“Most creative people stumble upon their tool to increase their imaginablity, whether it’s taking a bath or a walk or a drink of bourbon,” Jung said. They find some way to turn down the noise of the conscious mind so ideas can flow more naturally.
People may prefer to meditate, exercise, or just lay in bed all day, but they have to know themselves and how their minds work before tapping into their creativity systematically. And without the time to do this as children, learning how to do it later in life may be more difficult.
Some who foster creativity in scientists encourage students to learn these facts earlier in their scientific careers. Ted Clark, a professor of chemistry at Ohio State University in Columbus, has been working for years to enhance creativity in his first- and second-year students.
Students like to do research, Clark said, but most universities require at least a few years of science education before students can really get into the lab. So Clark and his colleagues created curriculum for basic science courses that involves a hands-on research component to get students more engaged.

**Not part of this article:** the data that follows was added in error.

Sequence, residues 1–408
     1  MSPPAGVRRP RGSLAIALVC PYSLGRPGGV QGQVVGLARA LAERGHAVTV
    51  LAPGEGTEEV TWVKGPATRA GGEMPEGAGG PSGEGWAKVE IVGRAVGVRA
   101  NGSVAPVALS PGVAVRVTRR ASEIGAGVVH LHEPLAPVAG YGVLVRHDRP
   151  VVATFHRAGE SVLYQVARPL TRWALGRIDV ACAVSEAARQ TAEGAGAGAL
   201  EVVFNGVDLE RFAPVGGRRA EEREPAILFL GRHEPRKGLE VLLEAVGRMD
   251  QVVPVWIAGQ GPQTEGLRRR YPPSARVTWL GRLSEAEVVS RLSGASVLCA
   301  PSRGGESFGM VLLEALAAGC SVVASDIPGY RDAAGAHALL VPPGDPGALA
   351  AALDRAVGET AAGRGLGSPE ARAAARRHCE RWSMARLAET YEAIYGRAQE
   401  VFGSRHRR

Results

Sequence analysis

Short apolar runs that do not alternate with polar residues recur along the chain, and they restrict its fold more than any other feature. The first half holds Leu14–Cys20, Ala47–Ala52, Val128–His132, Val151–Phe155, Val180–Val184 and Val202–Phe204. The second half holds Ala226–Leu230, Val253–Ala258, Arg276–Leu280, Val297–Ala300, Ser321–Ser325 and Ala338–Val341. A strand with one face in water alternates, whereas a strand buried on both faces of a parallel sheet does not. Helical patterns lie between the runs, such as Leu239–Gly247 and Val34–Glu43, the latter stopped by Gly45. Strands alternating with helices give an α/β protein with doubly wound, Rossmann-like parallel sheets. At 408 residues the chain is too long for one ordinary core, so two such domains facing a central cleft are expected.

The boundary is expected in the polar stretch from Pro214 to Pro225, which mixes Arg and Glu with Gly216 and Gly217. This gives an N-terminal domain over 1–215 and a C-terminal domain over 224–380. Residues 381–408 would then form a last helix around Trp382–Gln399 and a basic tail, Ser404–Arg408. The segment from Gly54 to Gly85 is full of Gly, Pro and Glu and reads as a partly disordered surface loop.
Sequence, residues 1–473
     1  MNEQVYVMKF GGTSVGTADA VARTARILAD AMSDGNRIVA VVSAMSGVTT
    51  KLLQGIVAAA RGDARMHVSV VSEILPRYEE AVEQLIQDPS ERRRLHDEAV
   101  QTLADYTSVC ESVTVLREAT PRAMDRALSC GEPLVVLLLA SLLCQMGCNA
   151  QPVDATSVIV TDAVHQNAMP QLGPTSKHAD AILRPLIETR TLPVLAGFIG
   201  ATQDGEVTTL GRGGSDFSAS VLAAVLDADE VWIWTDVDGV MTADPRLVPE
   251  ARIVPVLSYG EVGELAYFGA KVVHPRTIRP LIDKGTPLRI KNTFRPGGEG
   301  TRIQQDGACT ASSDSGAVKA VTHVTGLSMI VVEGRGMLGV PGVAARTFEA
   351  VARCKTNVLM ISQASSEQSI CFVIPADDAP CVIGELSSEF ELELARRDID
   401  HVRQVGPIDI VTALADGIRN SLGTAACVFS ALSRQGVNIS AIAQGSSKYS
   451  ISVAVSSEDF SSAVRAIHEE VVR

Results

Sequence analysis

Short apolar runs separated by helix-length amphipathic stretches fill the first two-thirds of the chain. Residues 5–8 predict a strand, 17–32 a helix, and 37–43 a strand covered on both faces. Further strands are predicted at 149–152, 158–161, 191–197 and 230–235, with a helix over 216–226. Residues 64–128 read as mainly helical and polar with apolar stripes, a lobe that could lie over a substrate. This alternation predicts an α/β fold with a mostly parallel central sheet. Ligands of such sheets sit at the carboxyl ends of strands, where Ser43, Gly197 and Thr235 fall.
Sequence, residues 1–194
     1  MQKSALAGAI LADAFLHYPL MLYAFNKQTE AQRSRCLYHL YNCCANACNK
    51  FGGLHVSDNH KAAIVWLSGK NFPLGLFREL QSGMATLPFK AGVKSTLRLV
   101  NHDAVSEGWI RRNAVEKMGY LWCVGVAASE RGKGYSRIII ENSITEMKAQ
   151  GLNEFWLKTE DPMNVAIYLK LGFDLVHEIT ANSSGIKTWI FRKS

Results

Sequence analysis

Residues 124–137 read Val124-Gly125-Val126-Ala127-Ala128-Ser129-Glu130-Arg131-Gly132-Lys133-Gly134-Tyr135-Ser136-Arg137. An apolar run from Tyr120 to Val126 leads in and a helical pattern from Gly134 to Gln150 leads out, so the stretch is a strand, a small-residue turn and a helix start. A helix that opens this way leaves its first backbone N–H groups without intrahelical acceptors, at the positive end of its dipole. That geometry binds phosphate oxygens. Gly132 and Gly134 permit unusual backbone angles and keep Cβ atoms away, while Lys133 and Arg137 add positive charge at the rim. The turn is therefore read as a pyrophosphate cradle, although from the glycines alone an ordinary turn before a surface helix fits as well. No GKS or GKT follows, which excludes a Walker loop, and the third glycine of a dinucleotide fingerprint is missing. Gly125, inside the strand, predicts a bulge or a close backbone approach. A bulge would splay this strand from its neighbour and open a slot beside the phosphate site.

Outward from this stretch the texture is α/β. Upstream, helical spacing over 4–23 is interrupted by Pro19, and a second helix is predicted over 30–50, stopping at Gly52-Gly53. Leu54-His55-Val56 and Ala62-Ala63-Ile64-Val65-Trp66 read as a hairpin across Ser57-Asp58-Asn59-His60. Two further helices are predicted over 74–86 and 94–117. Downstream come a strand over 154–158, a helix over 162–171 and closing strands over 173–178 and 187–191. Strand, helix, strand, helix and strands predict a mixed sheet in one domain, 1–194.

During an entry-level chemistry course, Clark charges his students with collecting water or soil samples as part of a larger project to determine the contaminants that may be present around the city of Columbus. This kind of flexible project allows students to incorporate knowledge from other fields like architecture or history, Clark said, to figure out why a particular area might be contaminated. Clark has also been working with a number of high schools throughout Ohio to integrate creative problem solving into science classes.
Efforts to cultivate and understand the neurological processes of creativity may mean a more creative generation of scientists with stunning innovations yet to come. But to do that, they have to have the space and time to understand their own minds.
To solve a problem in science, Clark said, scientists have to think logically and linearly.
“But scientists aren’t robots. You can’t just take your data and put it in something and have the answer come out,” he said. “That’s my top priority: How can we have some opportunities for [students to work on] authentic problems where we welcome diverse solutions? In science, we don’t begin by knowing the answer—we value the process.”